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Re: orion Diogenes and 4QpNah

Dear Mark Dunn,
	I don't have all your answers, but some comments, since no one else
responded. First, it would help to note that your references are from War
book one. No, I don't think Diogenes was a common Jewish name. But then
Josephus (or his source) did not specify that Diogenes was a Jew. If you
meant to suggest, with the references to the cities, that he would be an
Essene, I don't think those two statements juxtaposed show that. So *if*
the story actually happened, he may have been a non-Jewish advisor to
Alexander Jannaeus. If one takes 4QpNah as referring to the rule of
Alexander--a view which is lately argued (or declared) against in many
orion posts though argued for in many peer-reviewed publications--there may
be a complaint about non-Jewish advisors. And *if* Diogenes was a Jew, and
*if* he were associated with one of the known groups (not all Jews were), I
suggest the most probable group-association would be with the Sadducees.
	To attempt to tie up a few loose ends on 4QpNah. I have given some
of the arguments, with references and bibliography, in many posts on orion
(and ioudaios, where, I think, Martin Jaffee and I had a good exchange). I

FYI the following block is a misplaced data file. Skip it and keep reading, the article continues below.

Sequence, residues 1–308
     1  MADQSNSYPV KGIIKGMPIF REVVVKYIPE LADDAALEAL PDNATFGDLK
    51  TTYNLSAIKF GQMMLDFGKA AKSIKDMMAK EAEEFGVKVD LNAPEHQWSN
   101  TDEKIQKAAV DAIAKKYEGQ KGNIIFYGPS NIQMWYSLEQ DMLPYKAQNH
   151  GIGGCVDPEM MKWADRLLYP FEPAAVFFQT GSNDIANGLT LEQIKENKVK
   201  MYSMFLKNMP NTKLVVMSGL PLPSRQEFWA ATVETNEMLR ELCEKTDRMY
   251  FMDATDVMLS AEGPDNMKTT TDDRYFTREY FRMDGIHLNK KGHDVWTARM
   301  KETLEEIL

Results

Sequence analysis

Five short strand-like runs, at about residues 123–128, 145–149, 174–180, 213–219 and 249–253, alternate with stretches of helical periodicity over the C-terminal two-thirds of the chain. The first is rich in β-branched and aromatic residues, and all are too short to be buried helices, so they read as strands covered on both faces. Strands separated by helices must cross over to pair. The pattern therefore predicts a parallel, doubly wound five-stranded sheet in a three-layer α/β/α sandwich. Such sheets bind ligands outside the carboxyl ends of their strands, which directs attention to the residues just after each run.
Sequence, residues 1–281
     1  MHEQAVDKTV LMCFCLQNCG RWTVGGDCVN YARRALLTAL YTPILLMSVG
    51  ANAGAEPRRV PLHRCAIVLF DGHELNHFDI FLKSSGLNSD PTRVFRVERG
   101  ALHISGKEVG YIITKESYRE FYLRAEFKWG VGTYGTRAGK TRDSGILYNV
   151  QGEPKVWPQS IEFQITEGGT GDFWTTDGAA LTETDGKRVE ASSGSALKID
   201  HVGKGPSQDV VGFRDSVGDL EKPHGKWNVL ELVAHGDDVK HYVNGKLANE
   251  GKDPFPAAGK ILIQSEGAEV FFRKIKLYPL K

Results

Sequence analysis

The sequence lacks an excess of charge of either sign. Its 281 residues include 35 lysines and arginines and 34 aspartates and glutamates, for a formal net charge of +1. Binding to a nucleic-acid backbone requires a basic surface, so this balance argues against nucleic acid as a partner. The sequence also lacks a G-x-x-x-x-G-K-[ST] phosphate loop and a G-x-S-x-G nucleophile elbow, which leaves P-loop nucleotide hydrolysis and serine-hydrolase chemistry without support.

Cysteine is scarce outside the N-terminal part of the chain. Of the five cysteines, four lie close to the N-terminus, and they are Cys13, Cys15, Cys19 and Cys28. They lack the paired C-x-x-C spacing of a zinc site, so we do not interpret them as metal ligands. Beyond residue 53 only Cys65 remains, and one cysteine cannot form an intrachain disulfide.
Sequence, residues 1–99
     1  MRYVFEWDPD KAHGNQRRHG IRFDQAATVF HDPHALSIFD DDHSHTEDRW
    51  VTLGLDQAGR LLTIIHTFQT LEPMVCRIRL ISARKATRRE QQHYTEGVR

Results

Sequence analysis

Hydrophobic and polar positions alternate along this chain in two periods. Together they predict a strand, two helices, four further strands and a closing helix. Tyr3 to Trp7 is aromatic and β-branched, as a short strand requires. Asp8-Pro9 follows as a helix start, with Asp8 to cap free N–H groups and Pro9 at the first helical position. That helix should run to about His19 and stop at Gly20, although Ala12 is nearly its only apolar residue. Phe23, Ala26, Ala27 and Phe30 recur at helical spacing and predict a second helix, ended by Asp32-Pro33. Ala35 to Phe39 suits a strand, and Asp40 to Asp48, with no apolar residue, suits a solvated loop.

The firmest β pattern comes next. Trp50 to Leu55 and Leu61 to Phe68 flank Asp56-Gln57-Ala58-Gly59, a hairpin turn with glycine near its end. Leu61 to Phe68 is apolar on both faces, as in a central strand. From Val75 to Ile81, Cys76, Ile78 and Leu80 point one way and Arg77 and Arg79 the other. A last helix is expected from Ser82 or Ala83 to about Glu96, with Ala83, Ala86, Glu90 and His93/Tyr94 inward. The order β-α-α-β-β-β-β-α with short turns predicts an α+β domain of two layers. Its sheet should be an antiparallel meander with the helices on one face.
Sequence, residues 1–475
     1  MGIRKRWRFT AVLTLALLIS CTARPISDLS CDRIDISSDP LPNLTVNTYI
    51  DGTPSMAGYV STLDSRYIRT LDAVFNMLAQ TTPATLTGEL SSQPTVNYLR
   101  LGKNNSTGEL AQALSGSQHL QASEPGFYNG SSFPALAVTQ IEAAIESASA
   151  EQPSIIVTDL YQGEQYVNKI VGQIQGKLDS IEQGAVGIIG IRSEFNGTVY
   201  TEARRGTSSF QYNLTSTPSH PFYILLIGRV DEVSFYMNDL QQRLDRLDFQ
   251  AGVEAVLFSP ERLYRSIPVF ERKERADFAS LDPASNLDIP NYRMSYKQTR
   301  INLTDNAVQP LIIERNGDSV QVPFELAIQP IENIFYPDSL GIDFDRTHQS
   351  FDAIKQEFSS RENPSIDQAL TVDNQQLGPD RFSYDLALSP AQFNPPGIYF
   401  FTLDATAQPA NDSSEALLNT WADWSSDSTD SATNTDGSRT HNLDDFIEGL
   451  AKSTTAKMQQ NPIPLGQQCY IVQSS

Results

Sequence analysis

mean arguments that 4QpNah refers, inter alia, to Alexander Jannaeus (as a
lion), and to some Pharisees, who were crucified. Though I added a little,
these arguments may be found in Maurya Horgan's good book Pesharim (1979)
and in Larry Schiffman's more recent study of 4QpNah in the Nahum Sarna
Festschrift (Sheffield). I assumed that orion readers would be familiar
with arguments in several publications since about 1960. I didn't write
them all out each time, just to save time. These claims are falsifiable.
Though Thomas Thompson often writes clearly, my claims about this text are
not "theology" (if they were, what's theological about them?), but
historical. If Philip Davies thinks I was rude, though I am not sure why, I
apologize. Philip, I allow for the possibility that not all religious
groups have only one name; I was not trying to be unclear. I wrote that the
group Josephus called Pharisees was continuous with the group called in
4QpNah, amongst other things, Ephraim. I allow that I am not sure whether
the name Pharisaioi was current in early first century BCE, and if so, used
by whom. I think Sigrid Peterson may not have read all my posts because
some of what she wrote I had already written, too (and I may have been
wrong about "pun," though my dictionary allows it as a play on different
words). To Russell Gimirkin, whose post was the most substantial, and in
some sense only, response to the invitation for a different historical
setting for 4QpNah, though I was not persuaded, my thanks.
Stephen Goranson